New findings on dark energy back discarded Einstein theory

Scientists have found that dark energy, the force thought to be accelerating the expansion of the universe, may be doing the same thing to local groups of galaxies. That bolsters Einstein's idea of a 'cosmological constant.'

This Dec. 16, 2008 file photo, shows the galaxy cluster Abell 85, located about 740 million light years from Earth. Galaxy clusters are the largest collapsed objects in the Universe and are ideal for studying the properties of dark energy, the mysterious form of repulsive gravity that is driving the accelerated expansion of the Universe.

Ten years ago, astronomers made the stunning discovery that the universe is expanding at a faster rate than it should, given the amount of matter the cosmos contains. Scientists named the driving force behind the unexpected acceleration dark energy.

Now a team of astronomers is reporting observations showing that this mysterious force not only works on cosmic scales spanning billions of light years. It's also affecting members of the Milky Way's local group of galaxies.

That strongly suggests that dark energy's effects are constant over time and space, arguing in favor of Albert Einstein's original notion of a cosmological constant that prevented the universe from ultimately collapsing under its own gravity, the team says. Einstein ultimately discarded the idea as his biggest blunder.

In principle, mutual gravity binds the 30-odd galaxies in the Milky Way’s local group together. But the team found that dark energy is driving the group's most distant galaxies away from the group, in the same way it does on vastly larger scales.

"We have an outflow that is consistent on the scale of millions of light years with the value of the dark energy that's obtained by studying galaxies billions of light years away," says University of Alabama astronomer Gene Byrd, a member of the team. He described the results at a briefing today at the American Astronomical Society's winter meeting in Washington.

Einstein's 'blunder'

Einstein was convinced the universe was static, neither expanding nor contracting. Yet his theory of general relativity implied that gravity from all the matter in the universe should cause it to contract. So he introduced the idea of a cosmological constant, a repulsive force that canceled out the contraction. He later discarded the in large part because astronomer Edwin Hubble discovered that the universe was in fact expanding and not static.

With the discovery of dark energy in 1998 and 1999, however, the cosmological constant moved from "blunder" to a leading explanation for the universe's accelerating expansion.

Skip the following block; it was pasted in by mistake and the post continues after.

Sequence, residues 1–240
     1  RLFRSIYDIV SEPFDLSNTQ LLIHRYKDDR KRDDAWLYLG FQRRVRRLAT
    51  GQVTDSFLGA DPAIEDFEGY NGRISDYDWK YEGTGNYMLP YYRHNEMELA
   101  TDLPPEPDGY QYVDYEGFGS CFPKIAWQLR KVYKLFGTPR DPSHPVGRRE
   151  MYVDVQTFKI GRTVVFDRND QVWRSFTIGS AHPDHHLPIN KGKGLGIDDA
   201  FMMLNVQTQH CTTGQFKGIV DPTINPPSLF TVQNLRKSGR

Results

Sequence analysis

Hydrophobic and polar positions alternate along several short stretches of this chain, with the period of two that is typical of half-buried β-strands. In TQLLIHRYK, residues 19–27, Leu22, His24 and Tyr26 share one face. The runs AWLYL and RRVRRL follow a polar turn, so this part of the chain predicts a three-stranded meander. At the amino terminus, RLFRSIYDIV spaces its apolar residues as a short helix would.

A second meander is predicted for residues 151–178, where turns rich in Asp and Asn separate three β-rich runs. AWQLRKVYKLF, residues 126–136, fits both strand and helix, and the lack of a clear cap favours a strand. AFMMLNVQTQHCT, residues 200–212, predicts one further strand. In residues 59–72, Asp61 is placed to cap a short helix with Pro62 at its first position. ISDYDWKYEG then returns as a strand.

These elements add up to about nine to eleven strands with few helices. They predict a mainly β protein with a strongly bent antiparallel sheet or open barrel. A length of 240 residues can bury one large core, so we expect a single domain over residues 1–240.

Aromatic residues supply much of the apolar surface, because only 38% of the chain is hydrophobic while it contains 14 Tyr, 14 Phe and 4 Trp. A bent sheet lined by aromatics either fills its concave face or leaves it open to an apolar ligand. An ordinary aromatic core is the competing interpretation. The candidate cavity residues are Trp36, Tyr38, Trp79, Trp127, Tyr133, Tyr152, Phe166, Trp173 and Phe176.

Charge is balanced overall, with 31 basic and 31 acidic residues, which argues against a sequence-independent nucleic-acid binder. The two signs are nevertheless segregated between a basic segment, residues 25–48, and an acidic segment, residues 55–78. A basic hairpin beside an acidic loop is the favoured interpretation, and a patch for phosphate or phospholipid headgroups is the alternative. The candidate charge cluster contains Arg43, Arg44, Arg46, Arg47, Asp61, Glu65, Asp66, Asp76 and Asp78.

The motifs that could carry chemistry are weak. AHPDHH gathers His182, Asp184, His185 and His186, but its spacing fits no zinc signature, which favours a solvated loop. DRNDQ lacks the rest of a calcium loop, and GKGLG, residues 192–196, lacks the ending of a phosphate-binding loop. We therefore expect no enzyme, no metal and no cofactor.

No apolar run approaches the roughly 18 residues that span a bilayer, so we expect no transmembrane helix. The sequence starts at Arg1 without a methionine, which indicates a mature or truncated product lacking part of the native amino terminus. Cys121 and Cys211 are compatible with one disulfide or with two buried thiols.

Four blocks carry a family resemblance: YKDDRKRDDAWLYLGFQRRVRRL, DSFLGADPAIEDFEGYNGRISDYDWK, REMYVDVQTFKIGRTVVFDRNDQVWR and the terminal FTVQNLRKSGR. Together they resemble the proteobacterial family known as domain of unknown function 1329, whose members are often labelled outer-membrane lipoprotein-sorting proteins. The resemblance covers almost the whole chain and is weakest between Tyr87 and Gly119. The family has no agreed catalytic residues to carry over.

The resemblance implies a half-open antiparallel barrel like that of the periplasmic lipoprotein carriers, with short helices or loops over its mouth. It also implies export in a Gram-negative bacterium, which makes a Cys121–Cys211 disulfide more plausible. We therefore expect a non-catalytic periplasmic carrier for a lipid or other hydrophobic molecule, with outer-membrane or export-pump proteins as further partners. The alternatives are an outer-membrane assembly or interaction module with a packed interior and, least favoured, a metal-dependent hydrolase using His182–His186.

Theoreticians will have to take the latest findings about dark energy's consistent behavior into account as they try to explain the nature and source of dark energy, Dr. Byrd says.

The team also used these dark-energy measurements to estimate the composition of energy and mass affecting the local group and found that its composition closely approximates estimates for the universe as a whole. For the cosmos, visible matter makes up about 4 percent of all the mass and energy. Dark matter accounts for another 22 percent. And dark energy accounts for 74 percent of the matter-energy density of the universe. (Editor's note: The original version misstated the percentage of ordinary matter.)

The local group of galaxies is dominated by the gravity from the Milky Way and by its twin, the Andromeda Galaxy, a spiral galaxy some 2.5 million light years from Earth. Many of the other galaxies are satellites of the Milky Way and Andromeda. Others, such as the Triangulum galaxy, aren't.

Determining a galaxy's movement

The group made its discovery by taking precise measurements of the so-called radial velocities of the galaxies in the local group. By studying the light from these galaxies, astronomers can determine if a galaxy is moving toward or away from the Milky Way, and at what rate.

The researchers found that within about 5 million light years from Earth, the vast majority of galaxies were orbiting the group's center of gravity, between the Milky Way and Andromeda. Beyond 5 million light years to the edge of the group, galaxies were moving out from the group. Each galaxy's pace varied depending on its distance from the gravitational center of the group; the farther out they were, the faster they receded.

That pace is consistent with the global pace dark energy is exerting, based on studies of galaxies billions of light year away.


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